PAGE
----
The US wants to lead nuclear fusion, and to achieve this it plans to have a pilot plant prepared between 2035 and 2040
It sounds too optimistic. And daring. Have a pilot plant capable of producing electricity through nuclear fusion ready between 2035 and 2040 It seems excessively risky when we bear in mind the challenges that must be solved, especially in the field of materials engineering. Precisely IFMIF-DONES It is the international project that aspires to solve a good part of these challenges.
The itinerary proposed by the consortium of countries led by the European Union to demonstrate commercial viability of nuclear fusion states that the DEMO experiment will be ready in the early 1950s and will end in 2060. From that moment, if everything goes as planned, the commercial exploitation of this technology would begin.
The US National Academy of Sciences, Engineering and Medicine has published a report proposing to have a pilot nuclear fusion plant ready between 2035 and 2040
The construction of the reactor experimental nuclear fusion ITER In the French town of Cadarache, it is being led by the European Union, but six other scientific powers are also involved in this ambitious project: Russia, Japan, China, India, South Korea and the United States. Each of these partners contributes to the economic and technological sustainability of the project. The interesting thing is that some of them are making their participation in ITER compatible with your own projects development of nuclear fusion.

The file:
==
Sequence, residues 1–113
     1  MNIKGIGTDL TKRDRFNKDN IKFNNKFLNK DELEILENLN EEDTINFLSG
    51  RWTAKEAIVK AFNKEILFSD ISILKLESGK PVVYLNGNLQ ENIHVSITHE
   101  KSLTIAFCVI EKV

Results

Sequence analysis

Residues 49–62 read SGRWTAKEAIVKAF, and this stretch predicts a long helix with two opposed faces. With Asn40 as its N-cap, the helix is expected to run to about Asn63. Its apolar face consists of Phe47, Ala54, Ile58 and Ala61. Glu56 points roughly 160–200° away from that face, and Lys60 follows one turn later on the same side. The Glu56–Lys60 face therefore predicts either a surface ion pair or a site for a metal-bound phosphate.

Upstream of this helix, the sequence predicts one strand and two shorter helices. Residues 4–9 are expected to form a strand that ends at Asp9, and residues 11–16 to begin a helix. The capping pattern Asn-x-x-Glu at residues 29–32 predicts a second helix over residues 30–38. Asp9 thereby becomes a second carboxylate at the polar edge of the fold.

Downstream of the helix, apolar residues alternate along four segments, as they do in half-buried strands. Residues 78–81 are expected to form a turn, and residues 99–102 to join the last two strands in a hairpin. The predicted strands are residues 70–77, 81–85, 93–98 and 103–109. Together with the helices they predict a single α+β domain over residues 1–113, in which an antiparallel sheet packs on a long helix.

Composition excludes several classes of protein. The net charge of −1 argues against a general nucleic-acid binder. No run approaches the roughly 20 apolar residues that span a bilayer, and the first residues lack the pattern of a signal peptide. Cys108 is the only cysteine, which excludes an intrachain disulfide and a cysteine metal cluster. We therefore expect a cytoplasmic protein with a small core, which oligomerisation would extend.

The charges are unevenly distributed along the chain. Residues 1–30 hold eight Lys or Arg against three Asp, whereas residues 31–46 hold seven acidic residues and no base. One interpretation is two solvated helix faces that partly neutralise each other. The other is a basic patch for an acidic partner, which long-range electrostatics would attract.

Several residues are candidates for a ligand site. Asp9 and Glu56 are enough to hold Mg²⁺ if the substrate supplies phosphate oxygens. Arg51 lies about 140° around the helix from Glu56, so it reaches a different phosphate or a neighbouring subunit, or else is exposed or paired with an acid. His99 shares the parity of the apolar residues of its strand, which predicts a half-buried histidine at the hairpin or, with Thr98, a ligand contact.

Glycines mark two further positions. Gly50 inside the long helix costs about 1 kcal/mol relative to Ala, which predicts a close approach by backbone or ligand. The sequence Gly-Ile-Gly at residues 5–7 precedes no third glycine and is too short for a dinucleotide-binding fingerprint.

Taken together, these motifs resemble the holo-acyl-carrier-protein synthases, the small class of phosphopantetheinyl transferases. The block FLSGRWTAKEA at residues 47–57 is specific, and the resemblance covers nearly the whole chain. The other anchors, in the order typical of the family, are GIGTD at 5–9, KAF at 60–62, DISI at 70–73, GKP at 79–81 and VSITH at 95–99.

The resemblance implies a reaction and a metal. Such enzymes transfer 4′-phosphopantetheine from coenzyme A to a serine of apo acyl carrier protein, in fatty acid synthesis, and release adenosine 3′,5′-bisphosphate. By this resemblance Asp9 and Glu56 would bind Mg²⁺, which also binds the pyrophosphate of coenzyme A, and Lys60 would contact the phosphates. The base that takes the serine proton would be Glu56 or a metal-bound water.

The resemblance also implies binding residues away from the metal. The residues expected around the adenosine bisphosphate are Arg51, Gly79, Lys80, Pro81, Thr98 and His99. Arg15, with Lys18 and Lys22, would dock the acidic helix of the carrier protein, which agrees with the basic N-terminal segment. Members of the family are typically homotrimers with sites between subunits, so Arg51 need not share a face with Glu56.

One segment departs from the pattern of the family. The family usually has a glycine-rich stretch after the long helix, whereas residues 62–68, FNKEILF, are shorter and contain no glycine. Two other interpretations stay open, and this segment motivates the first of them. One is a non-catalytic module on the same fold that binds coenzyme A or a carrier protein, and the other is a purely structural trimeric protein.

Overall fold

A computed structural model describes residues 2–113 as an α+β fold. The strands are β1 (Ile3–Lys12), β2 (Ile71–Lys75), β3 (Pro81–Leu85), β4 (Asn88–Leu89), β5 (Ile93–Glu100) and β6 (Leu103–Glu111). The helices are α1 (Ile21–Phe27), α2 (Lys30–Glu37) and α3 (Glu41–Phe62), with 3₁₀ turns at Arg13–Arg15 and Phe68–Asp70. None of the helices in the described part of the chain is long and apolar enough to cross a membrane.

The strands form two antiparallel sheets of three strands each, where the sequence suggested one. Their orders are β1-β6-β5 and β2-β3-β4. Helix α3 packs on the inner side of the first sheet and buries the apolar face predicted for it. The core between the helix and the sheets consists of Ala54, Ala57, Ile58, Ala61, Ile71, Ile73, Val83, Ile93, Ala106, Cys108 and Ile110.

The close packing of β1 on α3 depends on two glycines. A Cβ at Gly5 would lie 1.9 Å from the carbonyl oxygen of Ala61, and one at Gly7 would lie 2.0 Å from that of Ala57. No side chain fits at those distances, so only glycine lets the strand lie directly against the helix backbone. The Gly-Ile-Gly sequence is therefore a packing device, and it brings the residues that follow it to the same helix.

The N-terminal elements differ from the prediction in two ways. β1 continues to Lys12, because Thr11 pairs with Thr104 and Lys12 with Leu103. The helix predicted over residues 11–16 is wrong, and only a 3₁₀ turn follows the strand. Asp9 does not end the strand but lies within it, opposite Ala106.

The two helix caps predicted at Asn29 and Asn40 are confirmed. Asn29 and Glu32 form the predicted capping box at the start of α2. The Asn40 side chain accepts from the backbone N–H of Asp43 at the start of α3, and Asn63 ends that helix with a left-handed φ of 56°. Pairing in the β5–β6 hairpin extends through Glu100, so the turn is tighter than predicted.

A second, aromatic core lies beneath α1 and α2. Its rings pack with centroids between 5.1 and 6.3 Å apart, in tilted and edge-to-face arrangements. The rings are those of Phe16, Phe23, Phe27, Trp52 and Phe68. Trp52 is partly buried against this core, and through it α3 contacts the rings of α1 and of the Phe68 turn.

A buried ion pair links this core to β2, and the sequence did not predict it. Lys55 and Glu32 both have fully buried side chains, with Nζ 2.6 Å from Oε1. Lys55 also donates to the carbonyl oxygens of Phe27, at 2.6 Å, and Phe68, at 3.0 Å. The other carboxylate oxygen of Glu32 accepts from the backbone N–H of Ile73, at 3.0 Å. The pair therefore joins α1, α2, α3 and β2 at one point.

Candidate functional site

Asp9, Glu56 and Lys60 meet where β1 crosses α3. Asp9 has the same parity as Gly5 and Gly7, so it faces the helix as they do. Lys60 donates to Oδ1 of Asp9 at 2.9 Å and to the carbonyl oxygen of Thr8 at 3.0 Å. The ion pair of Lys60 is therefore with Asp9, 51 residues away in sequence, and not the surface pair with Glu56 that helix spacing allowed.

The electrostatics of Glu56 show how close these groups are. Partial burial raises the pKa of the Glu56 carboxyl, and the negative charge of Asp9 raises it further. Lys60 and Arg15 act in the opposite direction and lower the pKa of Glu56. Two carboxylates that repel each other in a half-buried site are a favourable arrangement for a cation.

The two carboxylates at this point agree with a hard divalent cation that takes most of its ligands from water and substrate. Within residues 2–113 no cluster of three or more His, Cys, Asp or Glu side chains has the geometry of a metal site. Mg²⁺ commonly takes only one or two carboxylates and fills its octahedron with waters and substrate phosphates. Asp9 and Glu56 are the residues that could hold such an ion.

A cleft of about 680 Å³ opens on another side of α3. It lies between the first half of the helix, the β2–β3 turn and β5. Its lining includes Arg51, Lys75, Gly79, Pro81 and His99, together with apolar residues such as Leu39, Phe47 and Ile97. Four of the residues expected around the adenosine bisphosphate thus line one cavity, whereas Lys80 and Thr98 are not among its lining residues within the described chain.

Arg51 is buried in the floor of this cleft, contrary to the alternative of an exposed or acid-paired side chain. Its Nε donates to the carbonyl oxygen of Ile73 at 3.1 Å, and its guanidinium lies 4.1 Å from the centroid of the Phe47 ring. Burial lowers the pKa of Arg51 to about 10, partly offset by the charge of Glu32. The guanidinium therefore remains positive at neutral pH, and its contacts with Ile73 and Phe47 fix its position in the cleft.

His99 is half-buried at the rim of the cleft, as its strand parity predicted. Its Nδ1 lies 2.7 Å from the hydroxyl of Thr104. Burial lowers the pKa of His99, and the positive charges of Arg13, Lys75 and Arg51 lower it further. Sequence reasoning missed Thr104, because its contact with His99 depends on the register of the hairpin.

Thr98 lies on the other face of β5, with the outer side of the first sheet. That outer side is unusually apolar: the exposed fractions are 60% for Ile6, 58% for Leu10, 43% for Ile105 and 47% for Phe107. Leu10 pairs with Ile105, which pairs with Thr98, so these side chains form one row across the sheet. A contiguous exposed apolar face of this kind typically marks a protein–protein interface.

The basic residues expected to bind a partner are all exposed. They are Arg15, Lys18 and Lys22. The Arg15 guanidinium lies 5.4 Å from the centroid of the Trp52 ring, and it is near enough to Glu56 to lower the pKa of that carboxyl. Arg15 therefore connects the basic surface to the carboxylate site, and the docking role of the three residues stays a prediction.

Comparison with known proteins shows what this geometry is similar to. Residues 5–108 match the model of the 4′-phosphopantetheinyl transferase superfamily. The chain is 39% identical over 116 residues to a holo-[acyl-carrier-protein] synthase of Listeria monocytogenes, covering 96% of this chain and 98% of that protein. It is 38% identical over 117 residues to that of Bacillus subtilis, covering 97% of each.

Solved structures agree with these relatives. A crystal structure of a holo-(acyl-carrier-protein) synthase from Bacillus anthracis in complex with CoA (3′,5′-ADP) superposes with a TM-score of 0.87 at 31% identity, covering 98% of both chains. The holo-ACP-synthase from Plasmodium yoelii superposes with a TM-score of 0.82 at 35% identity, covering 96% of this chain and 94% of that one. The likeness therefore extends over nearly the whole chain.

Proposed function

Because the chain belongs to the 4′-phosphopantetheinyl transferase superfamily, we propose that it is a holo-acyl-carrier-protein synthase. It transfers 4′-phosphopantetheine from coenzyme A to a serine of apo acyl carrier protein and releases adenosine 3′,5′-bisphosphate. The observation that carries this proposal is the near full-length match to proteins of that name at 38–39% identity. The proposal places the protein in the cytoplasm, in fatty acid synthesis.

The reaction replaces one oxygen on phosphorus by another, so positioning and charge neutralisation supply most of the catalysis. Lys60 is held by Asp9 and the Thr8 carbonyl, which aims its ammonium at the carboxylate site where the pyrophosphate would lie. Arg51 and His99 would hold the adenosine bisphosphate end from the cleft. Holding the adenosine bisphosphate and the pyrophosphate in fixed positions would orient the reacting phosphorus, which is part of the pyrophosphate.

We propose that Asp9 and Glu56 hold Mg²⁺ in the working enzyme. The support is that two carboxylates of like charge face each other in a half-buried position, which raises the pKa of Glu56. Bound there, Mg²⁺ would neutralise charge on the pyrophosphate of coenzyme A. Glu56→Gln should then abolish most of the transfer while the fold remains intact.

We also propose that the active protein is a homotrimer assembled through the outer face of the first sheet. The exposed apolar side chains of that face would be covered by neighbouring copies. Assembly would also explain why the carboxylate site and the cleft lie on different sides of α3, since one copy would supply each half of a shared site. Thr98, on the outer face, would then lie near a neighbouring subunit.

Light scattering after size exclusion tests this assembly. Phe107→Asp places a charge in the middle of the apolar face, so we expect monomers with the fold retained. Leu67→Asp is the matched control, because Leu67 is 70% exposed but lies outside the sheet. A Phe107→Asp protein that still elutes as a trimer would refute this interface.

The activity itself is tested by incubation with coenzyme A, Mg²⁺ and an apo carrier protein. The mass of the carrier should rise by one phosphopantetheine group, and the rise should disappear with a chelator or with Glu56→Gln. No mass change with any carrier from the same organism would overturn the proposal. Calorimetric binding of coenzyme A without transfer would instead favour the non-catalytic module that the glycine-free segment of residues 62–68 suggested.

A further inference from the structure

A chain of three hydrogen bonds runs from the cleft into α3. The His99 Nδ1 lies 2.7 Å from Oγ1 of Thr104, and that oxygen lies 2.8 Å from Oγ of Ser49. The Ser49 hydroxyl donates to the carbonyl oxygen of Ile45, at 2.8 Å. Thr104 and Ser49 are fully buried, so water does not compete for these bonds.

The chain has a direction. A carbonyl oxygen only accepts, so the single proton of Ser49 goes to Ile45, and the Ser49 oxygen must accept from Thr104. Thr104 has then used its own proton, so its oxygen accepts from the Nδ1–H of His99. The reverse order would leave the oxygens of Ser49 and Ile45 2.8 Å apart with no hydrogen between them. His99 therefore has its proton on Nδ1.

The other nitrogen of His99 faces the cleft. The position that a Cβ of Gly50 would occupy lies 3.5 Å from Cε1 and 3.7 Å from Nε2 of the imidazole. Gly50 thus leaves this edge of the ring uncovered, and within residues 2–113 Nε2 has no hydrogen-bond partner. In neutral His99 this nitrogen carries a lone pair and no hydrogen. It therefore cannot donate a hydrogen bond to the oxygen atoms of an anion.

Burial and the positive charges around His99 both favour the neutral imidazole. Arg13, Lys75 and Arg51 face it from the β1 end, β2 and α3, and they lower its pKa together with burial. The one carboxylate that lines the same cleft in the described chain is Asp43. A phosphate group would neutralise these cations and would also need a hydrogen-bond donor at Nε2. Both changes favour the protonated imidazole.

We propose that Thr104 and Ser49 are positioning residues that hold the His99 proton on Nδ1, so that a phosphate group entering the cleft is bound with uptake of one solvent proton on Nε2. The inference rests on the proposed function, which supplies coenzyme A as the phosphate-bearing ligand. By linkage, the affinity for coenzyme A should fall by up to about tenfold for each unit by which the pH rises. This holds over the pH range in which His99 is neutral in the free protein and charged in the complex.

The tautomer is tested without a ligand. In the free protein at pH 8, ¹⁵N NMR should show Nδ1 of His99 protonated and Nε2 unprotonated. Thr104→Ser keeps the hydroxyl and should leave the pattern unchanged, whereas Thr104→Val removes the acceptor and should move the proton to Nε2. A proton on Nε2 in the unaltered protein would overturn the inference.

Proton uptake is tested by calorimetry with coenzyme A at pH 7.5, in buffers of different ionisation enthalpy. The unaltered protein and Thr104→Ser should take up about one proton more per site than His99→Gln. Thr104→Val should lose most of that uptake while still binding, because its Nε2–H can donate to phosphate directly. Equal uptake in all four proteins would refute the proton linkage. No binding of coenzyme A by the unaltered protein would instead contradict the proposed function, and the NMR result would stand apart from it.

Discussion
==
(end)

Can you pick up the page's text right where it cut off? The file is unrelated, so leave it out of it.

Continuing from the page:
The United States Department of Energy (DoE) is the institution in this country that is promoting the development of this technology itself, and, surprisingly, just a few days ago the largest scientific institution in this nation, the National Academy of Sciences, Engineering and Medicine (NASEM), has published a detailed report in which he urges the DoE to obtain the necessary resources to develop a pilot nuclear fusion plant in a very few years.
Objective: have a pilot plant between 2035 and 2040
The United States wants to lead the technological development of nuclear fusion. Richard Hawryluk, deputy director of the Princeton University Plasma Physics Laboratory and chairman of the NASEM committee that published the report, strongly defends the leadership for which your country must fight:
“The United States has been a pioneer in nuclear fusion research since the inception of this technology, and now it has the opportunity to bring it to market.”
The report in which Hawryluk has participated and signed by NASEM goes even further because it puts on the table very clearly the ambition that the American scientific community has in this area:
“For the United States to lead nuclear fusion technology and drive the 2050 transition to a low-carbon electric power generation system, the Department of Energy and the private sector must develop a cost-effective pilot plant from a energy view between 2035 and 2040.
[…] If the United States overcomes these challenges and provides the necessary resources to build a pilot nuclear fusion plant, it has the opportunity to achieve a position of world leadership in the transition to a low-carbon energy model.
If NASEM’s proposal is finally supported financially and technicians are able to overcome the challenges of setting up a successful nuclear fusion pilot plant before the 1940s, the United States would be ahead of the international DEMO project. It is a very ambitious plan, and the dates it proposes seem very difficult to meet, but what is really important it is not who will arrive first to the goal.
The crucial thing is that we have a global energy model as soon as possible that allows us to drastically reduce carbon dioxide emissions. And there is no doubt that The renewable energies, and possibly also nuclear fusion if it finally comes to fruition, play the leading role in this role.
Via | World Nuclear News